Even Richard Heinberg concedes that fossil fuels are not necessary to produce fertilizer:
Organic or ecological agriculture can be even more productive in some situations than industrial agriculture, but local success cannot make up for the fact that the total amount of nitrogen available to crops globally has been vastly increased by the Haber-Bosch ammonia synthesis process, which is currently dependent on fossil fuels. Ammonia synthesis could be accomplished with hydrogen, which could in turn be produced by hydroelectric hydrolysis; but the infrastructure for such production is currently non-existent. (Source: The Party's Over, P. 197)
Clearly no fossil fuels whatsoever are needed to manufacture nitrogen fertilizer. All you need is an energy source (hydroelectric, solar, wind, wave, geothermal, nuclear etc.), air and water. And none of these are even remotely facing a supply crisis.

Therefore, the supply of fertilizer is not threatened by peak oil, peak gas or even peak coal.

Of course, we can expect the doomers to make yet another last ditch rebuttal: "Yah, well, so what. Just because we can make nitrate without fossil fuels doesn't mean that we will."

Sorry, but I can assure you with 100% certainty that we will continue producing huge volumes of nitrates from the air, long after fossil fuel has been entirely exhausted. How do I know this? Simple: In addition to being fertilizer, nitrates are the active ingredient of gun powder and bombs. So, yes, nitrate facilities will be up and running, as a matter of national security, so we might as well use them to feed ourselves in peace time.
by JD
*) Part 2 of this article Fossil Fertilizer is also really good. Great summary of the history and future of nitrate.


At Sunday, November 18, 2007 at 5:23:00 AM PST, Blogger bc said...

The problem I see with artificial fertilizer is not a shortage, but a lot of environmental damage caused by over use. Not just run off, but the sterile monocultures created by intensive farming.

I seriously question, do we actually need artificial fertilizer? Or do we use it because it is cheap and avoids the need to put thought into farming?

At Sunday, November 18, 2007 at 12:42:00 PM PST, Blogger dc said...

Spot on, bc. You beat me to the punch.

At Monday, November 19, 2007 at 12:03:00 PM PST, Blogger skintax era said...

"All you need is an energy source (hydroelectric, solar, wind, wave, geothermal, nuclear etc.), air and water. And none of these are evenly remotely facing a supply crisis."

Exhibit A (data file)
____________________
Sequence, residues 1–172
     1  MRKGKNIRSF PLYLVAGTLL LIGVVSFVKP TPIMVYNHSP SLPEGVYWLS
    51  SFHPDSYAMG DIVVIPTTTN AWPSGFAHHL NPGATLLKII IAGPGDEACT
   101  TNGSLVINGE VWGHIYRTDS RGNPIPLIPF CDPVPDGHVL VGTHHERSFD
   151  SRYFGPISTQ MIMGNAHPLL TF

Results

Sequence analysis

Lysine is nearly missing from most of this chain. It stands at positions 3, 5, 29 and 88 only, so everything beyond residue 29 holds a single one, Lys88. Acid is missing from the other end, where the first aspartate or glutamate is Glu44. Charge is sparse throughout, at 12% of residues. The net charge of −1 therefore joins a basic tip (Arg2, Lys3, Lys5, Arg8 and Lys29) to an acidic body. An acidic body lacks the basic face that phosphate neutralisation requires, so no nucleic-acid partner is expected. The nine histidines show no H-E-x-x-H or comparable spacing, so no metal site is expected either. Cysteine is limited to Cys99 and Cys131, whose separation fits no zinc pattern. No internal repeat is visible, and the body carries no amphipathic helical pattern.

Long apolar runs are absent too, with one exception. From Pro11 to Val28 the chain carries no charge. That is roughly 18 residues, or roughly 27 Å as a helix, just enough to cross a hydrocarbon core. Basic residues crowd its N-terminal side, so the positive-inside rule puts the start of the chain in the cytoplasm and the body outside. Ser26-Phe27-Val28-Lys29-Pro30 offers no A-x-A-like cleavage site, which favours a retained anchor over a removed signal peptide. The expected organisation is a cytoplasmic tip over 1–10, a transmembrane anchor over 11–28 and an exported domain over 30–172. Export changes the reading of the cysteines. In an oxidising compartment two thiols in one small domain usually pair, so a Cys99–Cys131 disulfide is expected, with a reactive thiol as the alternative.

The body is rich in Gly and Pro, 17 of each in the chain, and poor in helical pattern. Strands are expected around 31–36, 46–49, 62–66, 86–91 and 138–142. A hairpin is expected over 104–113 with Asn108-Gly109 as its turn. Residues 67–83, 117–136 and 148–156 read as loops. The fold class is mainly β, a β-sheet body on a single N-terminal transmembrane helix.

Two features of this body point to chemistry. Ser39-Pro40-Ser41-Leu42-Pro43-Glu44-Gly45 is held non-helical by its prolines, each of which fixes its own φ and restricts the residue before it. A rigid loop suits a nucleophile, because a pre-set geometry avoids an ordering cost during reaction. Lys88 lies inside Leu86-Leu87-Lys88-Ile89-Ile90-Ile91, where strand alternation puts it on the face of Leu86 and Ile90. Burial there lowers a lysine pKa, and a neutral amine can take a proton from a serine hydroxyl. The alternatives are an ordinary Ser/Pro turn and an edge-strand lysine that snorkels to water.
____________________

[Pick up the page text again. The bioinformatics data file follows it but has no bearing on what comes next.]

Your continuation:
It seems disingenuous to me to say in one breath that alternatives(electric cars, hydro for fertlilizer etc)are the answer to PO and it's associated problems, and then in another say that alternative energy isn't "even remotely facing a supply crisis".
Of course there isn't a current supply crisis in hydro, solar, nuclear, wind or wave. The load isn't on them yet. Nearly all cars still run on petrol or diesel. Most fertilizer is produced with natural gas. Nearly all transportation and manufacturing relies on oil.
When the majority of cars need electricity to function, when most fertilizer production requires an alternative energy source, when cheap, easy oil is removed from all food production, transport and manufacturing processes, then we'll get an idea of whether we're facing an alternative energy supply crisis. Until then confidence in supply seems premature at best.

"Therefore, the supply of fertilizer is not threatened by peak oil, peak gas or even peak coal."

Australia gets 80% of it's electricity from coal. China gets a new coal fired power station on line every 10 days or so. Peak coal sounds pretty threatening for their future alternative fertilizer production.

At Tuesday, November 20, 2007 at 2:06:00 AM PST, Blogger Yarra said...

I haven't looked around this site for some time, but I still don't understand how hydrogen could be exported (unles in the form of methanol) as it is very leaky and a bitch to transport. That implies that IF it is used to make ammonia, that it would have to be turned into ammonia locally and the fertiliser transported.
Comments people?

At Thursday, November 22, 2007 at 4:28:00 AM PST, Blogger KLR said...

October 23rd discussion at May be of interest.

The statement you quoted at the beginning referred to PO affecting food growth and delivery, which are largely carried out at present using diesel fuel, so their statement is apt and not "total BS."

At Tuesday, November 27, 2007 at 4:29:00 PM PST, Anonymous Anonymous said...

So what's the problem of shipping fertilizer?

Guano was shipped from South America way back in the age of sail... or at least in the early 20th century.

(Go check it up someone).

At Thursday, November 29, 2007 at 7:20:00 PM PST, Blogger Darren said...

JD, for someone so arrogant, you display very little evidence that you are numerate (or even particularly intelligent).